It'd be better at this junction, as David Nir argues, to bring Rep. Rashida Tlaib's resolution instructing the Judiciary Committee to open an impeachment investigation. That could probably get the votes, but that's not up to Green to bring.
The American public, aside from Republican members of Congress, isn't going to take nonsense on this one. In a new USA TODAY/Ipsos poll, Americans are calling Donald Trump's racist weekend tweets "offensive." And in a result Trump and his allies might be more pointedly concerned about, 59% of Americans are calling Trump's racist tweets "un-American."
That is not to say that a majority of self-identified Republicans aren't standing by Trump. After all, 57% say they agree with Trump's tweet for his targeted non-white, American-citizen congresswomen to "go back" to their "original" countries. But those Trump allies are overwhelmed by widespread public revulsion by Democrats and independents. Women, in particular, found the tweets offensive by a three-fourths majority.
The poll underscores, yet again, just how far the Republican base has drifted from the rest of America's beliefs and morality. In nearly every recent poll, on any subject, self-identifying independents and Democrats tend to line up together on one side of the question, with a Republican rump providing heavy counterweight on the other side. Whether it be the treatment of refugees; the definition of what is or is not "racist;" or queries of Trump being accused by two dozen women of harassment, assault or rape, the Republican base defends it all while everyone else expresses revulsion.
And yes, the vast majority of such divisions revolve around racism. Republicans have trimmed their base into a vehicle for white nationalism and cultish devotion to each leader of the moment; there is a Fox News America, and everyone else, and the two cannot agree even on the same reality, much less morality.
There's one interesting tidbit in the poll that USA Today singled out, and it seems instructive. About four in ten Republicans and Democrats alike said they themselves had an immigrant parent or grandparent: no difference there. Republicans, however, maintain a resilient contempt for immigrants and the rights of immigrants despite their own immigrant roots. It is the empathy-devoid blindness of Trump himself, a demand that nobody else be allowed the same assistance that they themselves were granted. It is a supreme, self-centered irritation at anyone beside themselves benefiting from American compassion, of the sort that the Tucker Carlsons and the Sean Hannitys stoke nightly, that appears to animate the base above all else.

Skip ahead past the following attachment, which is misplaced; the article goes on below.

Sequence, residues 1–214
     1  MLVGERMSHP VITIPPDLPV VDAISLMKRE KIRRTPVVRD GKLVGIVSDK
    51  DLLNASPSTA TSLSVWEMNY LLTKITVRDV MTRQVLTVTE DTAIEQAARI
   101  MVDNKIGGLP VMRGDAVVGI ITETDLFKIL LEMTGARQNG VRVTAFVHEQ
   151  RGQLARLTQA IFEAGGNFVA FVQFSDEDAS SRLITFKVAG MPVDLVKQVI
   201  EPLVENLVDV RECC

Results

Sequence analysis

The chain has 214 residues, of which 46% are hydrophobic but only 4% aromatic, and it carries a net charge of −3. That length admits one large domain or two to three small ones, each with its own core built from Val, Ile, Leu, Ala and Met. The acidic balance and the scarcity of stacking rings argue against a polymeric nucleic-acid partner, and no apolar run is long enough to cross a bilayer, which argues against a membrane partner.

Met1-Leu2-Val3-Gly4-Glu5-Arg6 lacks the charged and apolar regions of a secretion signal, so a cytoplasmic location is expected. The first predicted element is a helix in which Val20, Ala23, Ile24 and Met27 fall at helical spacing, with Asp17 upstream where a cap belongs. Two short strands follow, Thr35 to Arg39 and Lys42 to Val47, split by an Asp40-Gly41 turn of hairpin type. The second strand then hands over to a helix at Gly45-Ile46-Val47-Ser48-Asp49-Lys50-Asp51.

But they are outnumbered, and by a lot. The question for the next elections, then, is whether that matters.
Over at National Review, John McCormack says that Kamala Harris is being “preposterous” about her Medicare for All plan:
“Senator Sanders says that that is impossible to achieve without a middle class tax hike,” CNN correspondent Kyung Lah says. “I’m not prepared to engage in a middle class tax hike,” Harris replies, suggesting that taxes on Wall Street and financial services can fund the $30 trillion program.
There might turn out to be something preposterous about this eventually, but there’s nothing preposterous about it yet. It all depends on what kind of plan Harris proposes and what the total funding source will be. If Harris were a Republican, she’d just issue a vague, one-page description and then punt on the funding, saying that she’ll work with Congress to figure out the hard stuff. But since she’s a Democrat, I’m sure we’ll eventually get a 30-page white paper about the whole thing.